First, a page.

Alright, let me just say something before I continue. If you search on here on TechZim for ‘security’, you’ll discover that a lot has be written about this topic over the years but it seems like we need to listen to the shona saying: dzokororo inesimba (repeating something to someone will help them get why it is important). Another thing I’ve noticed is that individuals who are in-charge of website or system security do raise this matter to the decision makers but somehow they don’t listen until it’s too late. So is it that the Information Security community isn’t making the general public aware of the importance of security or are business owners just too reluctant to spend their money there? Anyways let’s try this one more time.
You need to get that SSL certificate
The language which is used to transfer information on the Internet (HyperText Transfer Protocol) is not secure in its natural form. This makes it easy for anyone to capture any sensitive information like credit card numbers, usernames and password when you’re sending them over the Internet for login purposes or e-commerce shopping. An SSL certificate secures that protocol.
When someone requests your website and it has an SSL certificate, the browser or server which made the request will receive the certificate from your website which will start an encrypted session that secure sensitive information between the two if the requesting browser trusts your SSL certificate. This will ensure that the user is always talking to the website they expect instead of a fake one which aims to grab their information and then use it to gain access to the real website. SSL certificates can be bought at different price points and offer different levels of security but even the cheapest is better than not having one.
Ehm, take a look at your passwords
Nowadays, no-one has an excuse to use weak passwords online. Back in the day, if you wanted to create a cryptic password like I7wiGUXA$0*Np9f8, you’d have to write it down somewhere either on paper or in a word document then have to remember where you stored it each time you wanted to log in. Now we have password managers that take care of all of that and make sure that you use secure passwords for your accounts.
I personally used to be one of those people who used the same password for literally every single site or sometimes change one letter to make myself feel better. And I even thought that it didn’t make sense to put all my eggs in one basket and hope that no-one will get to that basket but it is better to do that than use the same password everywhere. So for all accounts that have administrative privileges on your websites, make sure the passwords are strong.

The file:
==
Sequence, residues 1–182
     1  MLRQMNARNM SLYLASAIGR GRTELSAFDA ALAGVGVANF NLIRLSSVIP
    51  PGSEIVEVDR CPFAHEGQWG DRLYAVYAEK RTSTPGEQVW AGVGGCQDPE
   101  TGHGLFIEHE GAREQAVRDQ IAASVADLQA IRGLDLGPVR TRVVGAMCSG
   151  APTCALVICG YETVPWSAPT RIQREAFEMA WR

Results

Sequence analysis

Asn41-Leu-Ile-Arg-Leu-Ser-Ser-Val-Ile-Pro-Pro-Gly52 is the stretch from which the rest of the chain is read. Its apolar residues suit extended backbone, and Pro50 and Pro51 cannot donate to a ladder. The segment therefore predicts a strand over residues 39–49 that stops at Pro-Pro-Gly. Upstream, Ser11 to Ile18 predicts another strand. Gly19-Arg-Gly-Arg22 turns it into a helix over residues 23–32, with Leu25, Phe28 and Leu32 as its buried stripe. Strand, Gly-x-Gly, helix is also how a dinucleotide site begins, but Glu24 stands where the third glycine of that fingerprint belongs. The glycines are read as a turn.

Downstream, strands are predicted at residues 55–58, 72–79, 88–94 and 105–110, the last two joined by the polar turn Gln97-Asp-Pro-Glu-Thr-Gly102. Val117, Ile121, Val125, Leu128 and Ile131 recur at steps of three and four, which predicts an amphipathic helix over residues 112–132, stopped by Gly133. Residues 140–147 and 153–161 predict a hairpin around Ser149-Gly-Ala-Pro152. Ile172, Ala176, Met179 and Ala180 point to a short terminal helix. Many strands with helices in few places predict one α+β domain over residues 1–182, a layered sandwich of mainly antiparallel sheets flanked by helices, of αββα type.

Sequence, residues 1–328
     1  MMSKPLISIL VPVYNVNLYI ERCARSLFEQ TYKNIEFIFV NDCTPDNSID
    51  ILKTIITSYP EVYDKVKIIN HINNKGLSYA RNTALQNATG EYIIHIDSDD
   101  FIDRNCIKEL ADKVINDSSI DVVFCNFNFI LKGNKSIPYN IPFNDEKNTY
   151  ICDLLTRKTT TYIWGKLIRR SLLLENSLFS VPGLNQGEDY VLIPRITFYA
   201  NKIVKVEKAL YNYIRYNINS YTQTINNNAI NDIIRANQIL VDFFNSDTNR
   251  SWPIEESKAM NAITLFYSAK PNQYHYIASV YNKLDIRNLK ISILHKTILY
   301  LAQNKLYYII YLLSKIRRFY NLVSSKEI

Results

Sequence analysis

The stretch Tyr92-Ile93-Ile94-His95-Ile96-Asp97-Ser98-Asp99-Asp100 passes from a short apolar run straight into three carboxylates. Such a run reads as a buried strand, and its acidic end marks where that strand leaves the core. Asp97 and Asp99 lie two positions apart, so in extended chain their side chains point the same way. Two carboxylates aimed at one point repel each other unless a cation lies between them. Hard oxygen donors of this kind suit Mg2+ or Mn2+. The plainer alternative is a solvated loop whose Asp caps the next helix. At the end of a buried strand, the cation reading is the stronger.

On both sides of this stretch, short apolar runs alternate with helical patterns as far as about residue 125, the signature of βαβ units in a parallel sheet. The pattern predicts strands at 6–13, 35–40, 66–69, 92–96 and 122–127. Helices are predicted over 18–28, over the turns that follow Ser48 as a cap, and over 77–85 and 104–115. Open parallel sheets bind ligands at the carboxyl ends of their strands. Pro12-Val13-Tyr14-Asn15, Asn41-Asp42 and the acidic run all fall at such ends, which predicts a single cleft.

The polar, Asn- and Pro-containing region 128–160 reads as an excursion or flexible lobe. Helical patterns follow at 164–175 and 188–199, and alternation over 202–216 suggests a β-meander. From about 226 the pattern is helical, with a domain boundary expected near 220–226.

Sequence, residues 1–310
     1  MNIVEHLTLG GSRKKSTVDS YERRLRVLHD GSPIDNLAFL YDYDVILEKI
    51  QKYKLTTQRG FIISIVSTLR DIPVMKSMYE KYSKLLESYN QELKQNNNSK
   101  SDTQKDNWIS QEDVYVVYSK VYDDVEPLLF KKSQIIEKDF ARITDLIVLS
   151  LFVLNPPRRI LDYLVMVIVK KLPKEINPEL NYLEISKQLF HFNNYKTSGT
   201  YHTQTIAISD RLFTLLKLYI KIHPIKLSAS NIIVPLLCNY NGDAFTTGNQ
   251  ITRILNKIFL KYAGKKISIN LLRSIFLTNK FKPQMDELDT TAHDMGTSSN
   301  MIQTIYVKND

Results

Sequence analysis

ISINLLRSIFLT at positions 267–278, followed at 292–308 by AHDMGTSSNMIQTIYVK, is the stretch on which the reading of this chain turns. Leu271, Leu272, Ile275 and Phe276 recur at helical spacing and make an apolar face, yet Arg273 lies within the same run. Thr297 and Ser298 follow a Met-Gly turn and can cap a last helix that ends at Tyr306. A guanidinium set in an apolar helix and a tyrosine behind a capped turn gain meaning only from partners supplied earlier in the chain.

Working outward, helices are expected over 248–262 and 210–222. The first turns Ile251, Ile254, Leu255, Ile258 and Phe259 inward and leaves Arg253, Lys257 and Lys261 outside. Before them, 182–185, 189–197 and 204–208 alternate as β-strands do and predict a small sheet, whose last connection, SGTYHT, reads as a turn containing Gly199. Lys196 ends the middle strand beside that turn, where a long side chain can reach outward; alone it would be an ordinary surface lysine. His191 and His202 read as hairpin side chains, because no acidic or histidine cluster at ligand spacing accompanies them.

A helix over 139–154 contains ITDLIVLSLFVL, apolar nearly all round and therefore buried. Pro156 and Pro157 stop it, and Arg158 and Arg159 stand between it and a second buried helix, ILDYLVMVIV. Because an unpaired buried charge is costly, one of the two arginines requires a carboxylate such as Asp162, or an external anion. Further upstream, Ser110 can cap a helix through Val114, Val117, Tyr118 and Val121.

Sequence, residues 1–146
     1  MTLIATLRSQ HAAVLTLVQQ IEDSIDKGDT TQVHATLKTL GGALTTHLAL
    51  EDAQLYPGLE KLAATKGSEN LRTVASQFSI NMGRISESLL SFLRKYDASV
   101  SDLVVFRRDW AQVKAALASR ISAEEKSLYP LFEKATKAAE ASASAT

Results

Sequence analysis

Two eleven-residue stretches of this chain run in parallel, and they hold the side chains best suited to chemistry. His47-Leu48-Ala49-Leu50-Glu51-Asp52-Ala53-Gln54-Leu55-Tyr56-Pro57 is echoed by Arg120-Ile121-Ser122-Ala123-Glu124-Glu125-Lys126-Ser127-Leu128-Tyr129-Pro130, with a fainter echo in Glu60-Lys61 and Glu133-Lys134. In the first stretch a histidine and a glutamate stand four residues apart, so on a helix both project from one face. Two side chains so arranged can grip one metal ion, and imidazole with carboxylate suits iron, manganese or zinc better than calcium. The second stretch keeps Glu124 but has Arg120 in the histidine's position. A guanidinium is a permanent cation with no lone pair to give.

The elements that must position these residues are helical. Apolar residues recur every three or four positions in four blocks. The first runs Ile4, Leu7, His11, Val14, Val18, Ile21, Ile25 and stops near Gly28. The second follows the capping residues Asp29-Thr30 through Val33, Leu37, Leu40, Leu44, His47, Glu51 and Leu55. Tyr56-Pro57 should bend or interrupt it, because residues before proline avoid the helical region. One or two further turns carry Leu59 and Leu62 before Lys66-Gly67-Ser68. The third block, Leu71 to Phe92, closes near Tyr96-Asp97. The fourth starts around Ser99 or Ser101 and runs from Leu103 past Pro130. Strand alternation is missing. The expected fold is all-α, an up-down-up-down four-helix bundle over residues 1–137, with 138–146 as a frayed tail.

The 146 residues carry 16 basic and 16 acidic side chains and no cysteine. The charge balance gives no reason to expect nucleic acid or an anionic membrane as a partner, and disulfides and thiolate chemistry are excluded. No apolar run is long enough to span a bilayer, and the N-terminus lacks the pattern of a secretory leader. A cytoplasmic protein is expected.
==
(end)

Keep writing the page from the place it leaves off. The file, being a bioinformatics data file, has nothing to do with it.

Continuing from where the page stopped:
Do you trust what your website is getting as inputs?
Before you accept any information from anyone through your website, make sure you trust it. You can do this by validating that the entered information matches what you want both on the browser and on your servers. This will safe guard your website against hackers who might send you malicious code via your forms so that it will do something you won’t like once it’s reached your database (SQL injection).
Another thing to consider is file uploads. If you’re allowing your website users to upload files, make sure that you check that they are uploading what you want. An extra measure you can take is to rename the file so that they cannot execute it in-case it wasn’t just a image but a program.
Keep your software updated and know what it’s doing
These days, website have become more advanced. You can now add extra programs (plugins) to enhance the functionality of your website. So before you go on a trip to add every plugin known to man, make sure you know what the plugin is doing and whether you need it. Otherwise you might end up installing a plugin which will harm you.
A fundamental thing in Information Security is to keep all the software on the latest version. This ensures that if a previous version of a software you were using had a vulnerability, you’ll have the latest version which in most cases would have fixed security issue for you. So it’s always good to keep everything updated. Another thing you can do is to install software that will actually help your website stay safe, for example, Wordfence a plugin for WordPress websites which routinely scans your website for issues, provides a firewall and also blocks threats in real-time.
Backup like your life depends on it
If you don’t do all the above, at least do this. Backup your website data frequently. Now the backup will be useless if it’s not secure as the hacker can just get to it also so make sure that you place it in a safe place. You can even go as far as also putting the backup on an external hard drive as a fallback plan in-case your primary backup is compromised. After all, the most secure device is one that is not connected to the Internet.